In Poland with my armoured wheels
Trooper Wheeler is currently deployed to Poland where he is playing enemy against the Polish Paratroopers
The Light Dragoons had a long journey before finally getting on exercise with their Polish counterparts. After receiving their vehicles in a Polish port in early May, the Light Dragoons in their various armoured fighting vehicles travelled south to meet with troops from the 1 Mech Battalion of the Polish 12 Mech Brigade. From there they then had a large road move to to a Military Training Area (BPTA).
Exercise Defender is a US-led NATO exercise which sees 1,000 British soldiers alongside troops from 11 partner nations including Poland and Denmark. The exercise involves tanks and other armoured vehicles deployed from the NATO Forward Holding Base in Sennelager, Germany.
We chatted to Trooper Wheeler before he left to play enemy for the Polish Paratroopers.
Who are you and what do you do?
“I am Trooper Wheeler. I’m a driver in the 3rd Troop, C Squadron in the Light Dragoons and essentially I drive a Jackal around.
“A Jackal is our platform, it’s an armoured fighting vehicle used mainly for light reconnaissance work, and that’s what we do. That’s our job role.”
What are you doing today?
“Mainly getting the wagons ready for the road moves. We had quite a long one from Gdansk down to Torun where we stayed for a few days and met up with our Polish counterparts who we‘re working with, and from there, we moved up to here [BPTA], quite a long road move got a bit wet on the way but yeah, wasn’t too bad.”
What’s it like driving an armoured vehicle in another country?
“It’s my first time driving on the right-hand side of the road. It was a bit confusing to start off with but you soon get to grips with it, then it's just following a convoy, just following the waggon in front it’s quite easy.
“It’s pretty cool, especially when you get people waving. It does feel pretty good. But when it starts raining that quickly vanishes. Then it’s just about staying warm and dry.”
What’s it like being deployed? Any new surprises or challenges?
“So not particularly, because it’s all NATO. It’s all pretty familiar. The main differences are kind of cultural differences. Food is a big one, food is very different here. Yeah, it’s all been pretty good so far.
“It’s interesting, especially as their equipment is so different to ours, so seeing how they operate using their equipment and kind of ideas behind what they do. It’s been really interesting, really interesting to get the hands-on on their weapons and equipment as well.
“So it’s definitely worthwhile exercise and getting to know our allies, and how we can work best together.”
Tell us a little bit about your understanding of Exercise Defender?
“To me, Defender is an integration exercise, It’s kind of grown every year has been going for a few years now and moving across Europe. It’s different NATO partners working together, to simulate and see how that will work.
“Today is just a lot of prep, getting ready for exercise, getting the wagons ready, getting our kit ready and then deploying onto the exercise at some point today.
“All we know so far is that we’re playing on for Polish airborne and we’ll just be using what we know, our techniques as light cavalry to help the Polish 12 Mech Brigade. That’s our role in this exercise.”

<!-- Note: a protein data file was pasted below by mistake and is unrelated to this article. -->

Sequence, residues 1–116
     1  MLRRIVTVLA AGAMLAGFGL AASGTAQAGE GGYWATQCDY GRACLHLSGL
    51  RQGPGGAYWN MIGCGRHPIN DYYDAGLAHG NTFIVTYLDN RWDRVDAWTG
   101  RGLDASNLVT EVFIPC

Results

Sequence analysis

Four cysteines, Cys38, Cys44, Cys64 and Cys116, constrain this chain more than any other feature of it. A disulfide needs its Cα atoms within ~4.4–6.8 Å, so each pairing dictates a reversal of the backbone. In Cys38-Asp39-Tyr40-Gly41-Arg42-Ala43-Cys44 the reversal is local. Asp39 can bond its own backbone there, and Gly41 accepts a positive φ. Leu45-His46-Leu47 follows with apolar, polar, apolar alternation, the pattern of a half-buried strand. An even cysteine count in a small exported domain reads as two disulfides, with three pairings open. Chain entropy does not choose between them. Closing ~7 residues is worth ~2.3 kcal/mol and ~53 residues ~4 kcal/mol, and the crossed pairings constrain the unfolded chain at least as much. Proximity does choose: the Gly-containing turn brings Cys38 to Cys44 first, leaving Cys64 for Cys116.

What will that look like?
“So, the airborne will be jumping in and then from there, our main job is to build up a picture of what they’re doing, where they’re going, size and strength, we will be feeding that back into the Polish that we’re working with and allowing them to then kind of do what they need to do, to delay or hinder the enemy as much as they can.”
What is it like being a reconnaissance unit?
“It can be challenging, but it’s always quite rewarding when you get it right.
It’s a good role to play and you can definitely see the effect you have 100%.
“When you pass that information on and then that information does get used is definitely quite rewarding.”
In light of recent events, do exercises like this feel more significant to you?
“Definitely. It is probably more important than ever that we do understand each other and how each other works and how we can best use each other’s strengths, to get the job done.”
Talk us through how you prep the Jackal for mobilisation?
“So it mainly starts with the basics of getting like the engine and making sure the mechanical sides are working and functioning correctly. Then you start putting things like the camo and scrim on, then your personal kit on and getting it all laid out how you personally like it.
“There are quite a lot of options there. So it’s very much down to the crew, down to the commander, how they like to get keep their jackal, but for the most part, it’s starting at the bottom and then working all the way up to getting the weapons sorted, getting the camo and getting everything else sorted.
“By the end of it, hopefully, you have a pretty polished product which is ready to roll.”
Why is it important the British Army stays on top of the basics
“It’s told from us from day one, day dot, basics done well is how an army runs well. If the basics aren’t being done well, it just doesn’t work.
“Even at any level throughout the chain, whether it’s supply whether it’s people out on the ground if they’re not doing the job, the basics well, it just doesn’t function and it soon starts to crumble.”